In a Ypulse study on consumer habits in the United States after COVID-19, the results showed that basketball was the favorite sport and most followed by Generation Z and millennials. Older generations preferred the NFL, American football. Meanwhile, in what is known as the world’s second basketball center, the NBA is the most followed competition in China. Its penetration into the new generations through streaming, social networks, and local blogs is successful. Still, it is also that, according to studies of physical habits, after walking and running, basketball has become the most popular exercise across the country.
These events are neither accidental nor due to a natural evolution of the market, but rather to an organization that based the DNA of its business strategy on innovation. As Ivanka Visnjic, professor at ESADE, explains in the course at the Barça Innovation Hub, Innovation in Sports:
“Actors in the sports ecosystem constantly face new market realities (technological or business models) and new demands of consumers (digital, personalized experiences …) which involves a lot of challenges.”
Ivanka Visnjic, professor at ESADE.
In this context, the case of the NBA is worthy of study because it has not only had a great adaptation to changes but has sometimes anticipated them.
The United States and China, a historic sportive relationship
Even before the NBA applied global marketing strategies in the 1980s, it had already had a major overseas emergence that had significant consequences. In the 1970s, a diplomatic meltdown related to sports occurred between the United States and China, two antagonistic countries. The historical episode was called “The diplomacy of ping-pong,” a series of table tennis matches between the two countries that ended with the meeting between Nixon and Mao in Beijing in 1972. In 1979, Deng Xiaoping attended a Harlem Globetrotters game. The Chinese leader, contradicting the dominant trend of radical conservative leftism in his country, enjoyed the basketball show. An unexpected gesture served for the NBA to land in China a few months later.
The 1978 championship ring winners, the Washington Bullets, led by Wes Unsled and coached by Dick Motta, played Chinese teams in Beijing and Shanghai. Those encounters marked the younger generations; they were an unprecedented show and a symbol of the penetration of western culture in the country. Thus, the NBA became the greatest exponent of the new airs of modernity coming to China. Up until the beginning of the 21st century, 83% of Chinese between 15 and 24 years old declared themselves NBA fans. Today, studies about Gen Z show there are twice as many basketball fans as in previous generations.
If the NBA knew how to take advantage of the tensions of the Cold War, starting in 1984 with the period of David Stern, it adapted to globalization before this term began to become popular. The leading role was disputed with other sports, and attendance at matches was modest until then. Stern, however, took advantage of the emergence of stars like Magic Johnson, Larry Bird, and Michael Jordan and turned the NBA into an entertainment-oriented brand whose merchandise was exciting matches with the rivalry of tremendous and charismatic stars. He knew how to optimize his resources and sell them in the media, but above all, he was able to get them out of the United States.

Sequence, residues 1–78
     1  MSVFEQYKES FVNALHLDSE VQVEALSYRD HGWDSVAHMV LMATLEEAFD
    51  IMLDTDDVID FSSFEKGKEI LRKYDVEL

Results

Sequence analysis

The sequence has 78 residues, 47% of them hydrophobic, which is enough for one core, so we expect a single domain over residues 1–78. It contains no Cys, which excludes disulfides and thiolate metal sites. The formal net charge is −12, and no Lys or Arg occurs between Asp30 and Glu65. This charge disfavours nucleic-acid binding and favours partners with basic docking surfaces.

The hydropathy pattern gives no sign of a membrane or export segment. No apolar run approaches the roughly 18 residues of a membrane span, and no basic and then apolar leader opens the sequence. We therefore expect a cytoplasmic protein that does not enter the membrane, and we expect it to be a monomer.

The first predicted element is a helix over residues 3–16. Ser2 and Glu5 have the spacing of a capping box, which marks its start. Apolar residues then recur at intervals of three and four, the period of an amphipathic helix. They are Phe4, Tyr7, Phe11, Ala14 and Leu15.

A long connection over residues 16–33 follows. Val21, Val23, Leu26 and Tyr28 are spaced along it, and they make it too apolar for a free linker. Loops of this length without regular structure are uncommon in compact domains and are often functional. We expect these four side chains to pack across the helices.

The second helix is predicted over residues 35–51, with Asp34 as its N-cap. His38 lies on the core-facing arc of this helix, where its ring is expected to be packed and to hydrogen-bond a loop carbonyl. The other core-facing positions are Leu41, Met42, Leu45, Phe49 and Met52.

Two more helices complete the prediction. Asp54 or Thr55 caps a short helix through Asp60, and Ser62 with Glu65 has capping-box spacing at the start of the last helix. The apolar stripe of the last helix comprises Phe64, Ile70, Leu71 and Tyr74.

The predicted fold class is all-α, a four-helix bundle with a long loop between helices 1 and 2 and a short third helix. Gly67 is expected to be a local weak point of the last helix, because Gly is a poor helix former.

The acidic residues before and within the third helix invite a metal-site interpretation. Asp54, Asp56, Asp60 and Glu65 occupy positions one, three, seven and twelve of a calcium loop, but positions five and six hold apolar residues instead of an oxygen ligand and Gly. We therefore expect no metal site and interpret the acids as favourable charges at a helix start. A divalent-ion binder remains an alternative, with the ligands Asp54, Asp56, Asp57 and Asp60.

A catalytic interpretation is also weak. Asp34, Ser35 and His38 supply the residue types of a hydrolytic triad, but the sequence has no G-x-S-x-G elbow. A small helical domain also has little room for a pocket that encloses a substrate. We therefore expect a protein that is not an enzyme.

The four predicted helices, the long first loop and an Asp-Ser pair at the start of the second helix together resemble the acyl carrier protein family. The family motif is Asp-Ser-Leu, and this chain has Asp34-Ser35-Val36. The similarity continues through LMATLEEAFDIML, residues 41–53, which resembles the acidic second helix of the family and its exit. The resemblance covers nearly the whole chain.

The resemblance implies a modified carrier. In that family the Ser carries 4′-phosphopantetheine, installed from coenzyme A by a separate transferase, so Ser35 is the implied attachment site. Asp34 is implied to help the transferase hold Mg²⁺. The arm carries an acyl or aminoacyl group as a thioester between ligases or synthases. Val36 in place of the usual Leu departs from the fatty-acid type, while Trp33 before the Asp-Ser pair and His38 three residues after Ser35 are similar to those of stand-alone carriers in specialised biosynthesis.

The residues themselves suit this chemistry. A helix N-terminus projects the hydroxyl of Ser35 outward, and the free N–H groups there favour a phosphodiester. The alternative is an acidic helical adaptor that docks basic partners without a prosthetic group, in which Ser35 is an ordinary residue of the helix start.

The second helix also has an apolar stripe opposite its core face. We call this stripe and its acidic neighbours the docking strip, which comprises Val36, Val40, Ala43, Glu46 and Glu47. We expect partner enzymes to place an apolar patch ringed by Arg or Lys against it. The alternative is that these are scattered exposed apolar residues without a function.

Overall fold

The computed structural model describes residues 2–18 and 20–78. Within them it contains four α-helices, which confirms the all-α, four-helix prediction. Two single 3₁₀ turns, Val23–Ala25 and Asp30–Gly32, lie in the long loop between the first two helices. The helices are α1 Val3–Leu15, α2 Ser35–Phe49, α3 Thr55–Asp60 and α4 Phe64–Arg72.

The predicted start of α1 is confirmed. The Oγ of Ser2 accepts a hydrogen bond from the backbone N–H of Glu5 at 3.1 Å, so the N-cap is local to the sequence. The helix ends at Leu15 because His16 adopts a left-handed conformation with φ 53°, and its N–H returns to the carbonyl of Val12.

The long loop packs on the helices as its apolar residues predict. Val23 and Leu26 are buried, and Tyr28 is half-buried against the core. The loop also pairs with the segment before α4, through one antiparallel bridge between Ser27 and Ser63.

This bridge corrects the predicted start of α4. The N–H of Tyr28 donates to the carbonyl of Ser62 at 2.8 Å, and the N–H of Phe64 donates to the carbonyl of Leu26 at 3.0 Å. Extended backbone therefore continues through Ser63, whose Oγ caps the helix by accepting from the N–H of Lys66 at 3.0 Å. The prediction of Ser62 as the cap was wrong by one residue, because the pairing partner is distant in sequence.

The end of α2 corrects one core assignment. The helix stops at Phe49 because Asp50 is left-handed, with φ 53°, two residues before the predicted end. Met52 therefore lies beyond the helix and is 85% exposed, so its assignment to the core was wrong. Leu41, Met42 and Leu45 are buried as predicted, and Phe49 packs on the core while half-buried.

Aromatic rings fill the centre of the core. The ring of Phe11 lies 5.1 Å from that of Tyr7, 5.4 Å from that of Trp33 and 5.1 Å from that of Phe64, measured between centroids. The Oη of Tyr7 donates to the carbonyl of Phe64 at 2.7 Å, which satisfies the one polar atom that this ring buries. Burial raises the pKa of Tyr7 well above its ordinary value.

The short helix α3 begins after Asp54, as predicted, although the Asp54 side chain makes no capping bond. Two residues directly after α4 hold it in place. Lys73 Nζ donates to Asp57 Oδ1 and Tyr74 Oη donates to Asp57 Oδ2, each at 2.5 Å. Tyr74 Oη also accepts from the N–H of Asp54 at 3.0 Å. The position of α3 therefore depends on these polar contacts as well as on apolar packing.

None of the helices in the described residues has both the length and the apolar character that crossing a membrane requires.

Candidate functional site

The phenomenon was accompanied by a series of sporting goods produced by leading companies, such as Nike, which conquered global markets and an unprecedented expansion taking advantage of the development of satellite television. This allowed Stern to open offices in Paris, Geneva, London, Barcelona, Melbourne, Hong Kong, Mexico City, Taiwan, Tokyo and Toronto. In addition to being focused on marketing and international relations, his mission was aimed at expanding the coverage of the NBA. Since then, many preseason games have been played outside the United States, and, in collaboration with FIBA, the NBA organizes training camps to promote basketball around the world. All with the NBA seal.
Starting in 1990, Stern consolidated its presence in Asia with an agreement with the Chinese state broadcaster CCTV that reached 90% of households in a country of 1.2 billion people. They began broadcasting the seven final games for when, in 1995, the sports channel CCTV-5 was inaugurated, broadcasting the regular league, the play-offs, the final, and the All-Star exhibition games. But before this model could stagnate in its growth, the NBA again pioneered another phenomenon: the franchise player. The influx of foreign players had multiplied since, on April 8, 1989, FIBA eliminated the distinction between amateur and professional players so that international players signed by NBA teams did not lose the possibility of representing their country in the Olympic Games or other championships. This new situation was fully profitable in the NBA and continued expanding the popularity of basketball around the world.